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Expression of the receptor protein-tyrosine phosphatase, PTPmu, restores E-cadherin-dependent adhesion in human prostate carcinoma cells.

Normal prostate expresses the receptor protein-tyrosine phosphatase, PTPmu, whereas LNCaP prostate carcinoma cells do not. PTPmu has been shown previously to interact with the E-cadherin complex. LNCaP cells express normal levels of E-cadherin and catenins but do not mediate either PTPmu- or E-cadherin-dependent adhesion. Re-expression of PTPmu restored cell adhesion to PTPmu and to E-cadherin. A mutant form of PTPmu that is catalytically inactive was re-expressed, and it also restored adhesion to PTPmu and to E-cadherin. Expression of PTPmu-extra (which lacks most of the cytoplasmic domain) induced adhesion to PTPmu but not to E-cadherin, demonstrating a requirement for the presence of the intracellular domains of PTPmu to restore E-cadherin-mediated adhesion. We previously observed a direct interaction between the intracellular domain of PTPmu and RACK1, a receptor for activated protein kinase C (PKC). We demonstrate that RACK1 binds to both the catalytically active and inactive mutant form of PTPmu. In addition, we determined that RACK1 binds to the PKCdelta isoform in LNCaP cells. We tested whether PKC could be playing a role in the ability of PTPmu to restore E-cadherin-dependent adhesion. Activation of PKC reversed the adhesion of PTPmuWT-expressing cells to E-cadherin, whereas treatment of parental LNCaP cells with a PKCdelta-specific inhibitor induced adhesion to E-cadherin. Together, these studies suggest that PTPmu regulates the PKC pathway to restore E-cadherin-dependent adhesion via its interaction with RACK1.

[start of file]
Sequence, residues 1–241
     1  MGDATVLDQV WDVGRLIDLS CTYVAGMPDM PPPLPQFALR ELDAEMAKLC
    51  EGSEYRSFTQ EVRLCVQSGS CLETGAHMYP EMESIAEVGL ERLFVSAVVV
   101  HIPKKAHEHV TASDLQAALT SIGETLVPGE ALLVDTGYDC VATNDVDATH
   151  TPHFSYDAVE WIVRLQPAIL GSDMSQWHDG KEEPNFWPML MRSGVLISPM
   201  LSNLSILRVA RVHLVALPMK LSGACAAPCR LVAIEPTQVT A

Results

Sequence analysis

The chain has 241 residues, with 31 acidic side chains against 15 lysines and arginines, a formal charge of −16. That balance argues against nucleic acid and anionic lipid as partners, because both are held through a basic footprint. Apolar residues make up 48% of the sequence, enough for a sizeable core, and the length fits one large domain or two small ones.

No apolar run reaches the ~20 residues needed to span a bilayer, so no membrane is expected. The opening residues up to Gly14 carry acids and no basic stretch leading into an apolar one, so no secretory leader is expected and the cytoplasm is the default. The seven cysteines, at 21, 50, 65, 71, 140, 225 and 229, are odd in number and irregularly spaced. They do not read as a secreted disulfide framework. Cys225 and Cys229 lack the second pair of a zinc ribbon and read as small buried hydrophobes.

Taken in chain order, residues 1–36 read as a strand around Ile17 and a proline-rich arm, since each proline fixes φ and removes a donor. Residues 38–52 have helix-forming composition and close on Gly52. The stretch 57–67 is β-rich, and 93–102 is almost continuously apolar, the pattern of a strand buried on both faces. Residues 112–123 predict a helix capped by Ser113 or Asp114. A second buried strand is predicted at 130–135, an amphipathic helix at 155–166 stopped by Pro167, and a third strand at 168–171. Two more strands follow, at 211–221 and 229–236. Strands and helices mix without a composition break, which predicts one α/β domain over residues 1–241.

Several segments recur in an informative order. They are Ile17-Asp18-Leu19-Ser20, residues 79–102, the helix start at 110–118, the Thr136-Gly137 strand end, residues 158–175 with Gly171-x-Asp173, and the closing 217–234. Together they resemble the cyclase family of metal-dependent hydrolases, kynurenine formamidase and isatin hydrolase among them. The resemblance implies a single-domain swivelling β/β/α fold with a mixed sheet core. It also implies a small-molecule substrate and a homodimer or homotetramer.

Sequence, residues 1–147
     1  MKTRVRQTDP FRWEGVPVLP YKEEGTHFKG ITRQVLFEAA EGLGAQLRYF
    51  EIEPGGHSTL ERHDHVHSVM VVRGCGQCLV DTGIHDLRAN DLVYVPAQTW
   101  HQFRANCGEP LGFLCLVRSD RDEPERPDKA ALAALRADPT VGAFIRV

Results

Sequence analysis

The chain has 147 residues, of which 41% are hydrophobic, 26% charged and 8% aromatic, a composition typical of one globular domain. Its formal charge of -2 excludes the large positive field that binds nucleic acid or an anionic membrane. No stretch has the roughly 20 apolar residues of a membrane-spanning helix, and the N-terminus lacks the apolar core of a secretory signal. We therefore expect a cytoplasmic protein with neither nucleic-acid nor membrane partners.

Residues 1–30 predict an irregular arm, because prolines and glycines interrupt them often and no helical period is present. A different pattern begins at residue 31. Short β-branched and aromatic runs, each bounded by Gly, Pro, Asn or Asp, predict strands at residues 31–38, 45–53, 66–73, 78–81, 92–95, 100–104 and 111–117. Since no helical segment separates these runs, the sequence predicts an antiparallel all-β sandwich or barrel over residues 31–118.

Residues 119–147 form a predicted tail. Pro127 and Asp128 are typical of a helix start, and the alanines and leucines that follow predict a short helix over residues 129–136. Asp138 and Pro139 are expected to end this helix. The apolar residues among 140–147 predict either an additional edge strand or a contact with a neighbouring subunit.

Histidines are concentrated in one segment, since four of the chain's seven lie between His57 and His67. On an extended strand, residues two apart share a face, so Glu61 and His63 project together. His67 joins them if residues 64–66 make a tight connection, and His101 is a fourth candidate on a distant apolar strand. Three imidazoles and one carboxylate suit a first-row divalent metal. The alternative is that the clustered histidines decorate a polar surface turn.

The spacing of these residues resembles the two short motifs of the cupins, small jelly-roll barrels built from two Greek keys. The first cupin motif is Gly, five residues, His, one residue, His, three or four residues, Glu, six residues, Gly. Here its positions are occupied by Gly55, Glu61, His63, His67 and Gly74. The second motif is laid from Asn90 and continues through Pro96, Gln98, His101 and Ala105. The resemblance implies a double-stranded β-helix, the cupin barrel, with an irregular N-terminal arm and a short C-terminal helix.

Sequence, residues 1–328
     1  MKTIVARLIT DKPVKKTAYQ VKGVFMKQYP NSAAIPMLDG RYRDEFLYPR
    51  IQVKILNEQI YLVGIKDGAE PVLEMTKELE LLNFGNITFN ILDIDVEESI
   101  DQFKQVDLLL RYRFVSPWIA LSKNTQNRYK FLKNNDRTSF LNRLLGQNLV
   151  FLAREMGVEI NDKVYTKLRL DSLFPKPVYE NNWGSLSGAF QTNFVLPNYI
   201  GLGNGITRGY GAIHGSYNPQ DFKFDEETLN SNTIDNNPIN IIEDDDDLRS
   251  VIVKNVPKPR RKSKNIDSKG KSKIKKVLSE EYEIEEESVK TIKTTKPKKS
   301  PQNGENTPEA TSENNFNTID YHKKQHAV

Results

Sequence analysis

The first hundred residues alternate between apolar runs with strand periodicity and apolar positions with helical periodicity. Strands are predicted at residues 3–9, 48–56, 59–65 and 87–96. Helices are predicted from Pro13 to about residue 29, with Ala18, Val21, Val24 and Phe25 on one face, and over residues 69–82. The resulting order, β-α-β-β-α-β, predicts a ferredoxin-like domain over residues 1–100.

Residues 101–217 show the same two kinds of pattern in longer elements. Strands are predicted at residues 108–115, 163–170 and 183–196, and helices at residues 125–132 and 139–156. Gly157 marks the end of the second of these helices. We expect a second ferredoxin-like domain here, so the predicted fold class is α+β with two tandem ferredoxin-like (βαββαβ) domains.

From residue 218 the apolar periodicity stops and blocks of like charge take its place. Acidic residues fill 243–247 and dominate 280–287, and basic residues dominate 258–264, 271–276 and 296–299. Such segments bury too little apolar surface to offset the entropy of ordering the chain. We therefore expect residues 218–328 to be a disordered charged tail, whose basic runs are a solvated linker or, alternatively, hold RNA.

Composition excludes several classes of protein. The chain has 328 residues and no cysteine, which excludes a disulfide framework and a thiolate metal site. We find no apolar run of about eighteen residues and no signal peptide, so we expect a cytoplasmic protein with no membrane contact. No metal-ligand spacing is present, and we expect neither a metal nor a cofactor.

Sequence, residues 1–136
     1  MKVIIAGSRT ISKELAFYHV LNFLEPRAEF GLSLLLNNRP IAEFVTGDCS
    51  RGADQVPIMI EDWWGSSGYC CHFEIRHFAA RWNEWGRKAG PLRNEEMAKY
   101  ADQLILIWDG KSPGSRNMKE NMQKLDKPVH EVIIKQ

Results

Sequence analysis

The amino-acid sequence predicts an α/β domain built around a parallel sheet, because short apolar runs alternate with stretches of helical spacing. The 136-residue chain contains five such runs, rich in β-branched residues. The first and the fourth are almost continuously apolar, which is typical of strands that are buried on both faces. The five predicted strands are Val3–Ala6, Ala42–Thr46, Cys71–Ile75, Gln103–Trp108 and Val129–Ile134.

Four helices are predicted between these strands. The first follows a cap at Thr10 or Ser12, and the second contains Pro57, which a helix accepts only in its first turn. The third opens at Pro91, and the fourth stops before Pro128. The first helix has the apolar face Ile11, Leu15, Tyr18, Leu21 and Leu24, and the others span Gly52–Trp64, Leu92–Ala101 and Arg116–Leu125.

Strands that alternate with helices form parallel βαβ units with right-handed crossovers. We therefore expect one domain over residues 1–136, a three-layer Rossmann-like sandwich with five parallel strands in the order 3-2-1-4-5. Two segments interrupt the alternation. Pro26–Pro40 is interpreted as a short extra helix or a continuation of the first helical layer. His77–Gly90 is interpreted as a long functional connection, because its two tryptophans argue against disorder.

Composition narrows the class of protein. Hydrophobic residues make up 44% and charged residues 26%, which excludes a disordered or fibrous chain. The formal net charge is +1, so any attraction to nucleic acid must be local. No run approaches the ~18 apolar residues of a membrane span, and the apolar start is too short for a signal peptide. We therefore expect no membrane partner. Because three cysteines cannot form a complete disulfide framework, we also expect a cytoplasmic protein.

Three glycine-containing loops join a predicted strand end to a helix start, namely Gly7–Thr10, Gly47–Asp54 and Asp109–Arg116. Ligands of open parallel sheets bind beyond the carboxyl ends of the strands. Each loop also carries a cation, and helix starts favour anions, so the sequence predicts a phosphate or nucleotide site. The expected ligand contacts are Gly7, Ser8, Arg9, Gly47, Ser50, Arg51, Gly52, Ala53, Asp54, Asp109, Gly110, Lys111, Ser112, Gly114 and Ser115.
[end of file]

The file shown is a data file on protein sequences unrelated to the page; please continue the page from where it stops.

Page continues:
Pubmed ID: 11801604 RIS Download

Mesh terms: Cadherins | Calcium | Cell Adhesion | Humans | Male | Peptides | Phosphorylation | Prostatic Neoplasms | Protein Binding | Protein Tyrosine Phosphatases | Recombinant Fusion Proteins | Tumor Cells, Cultured

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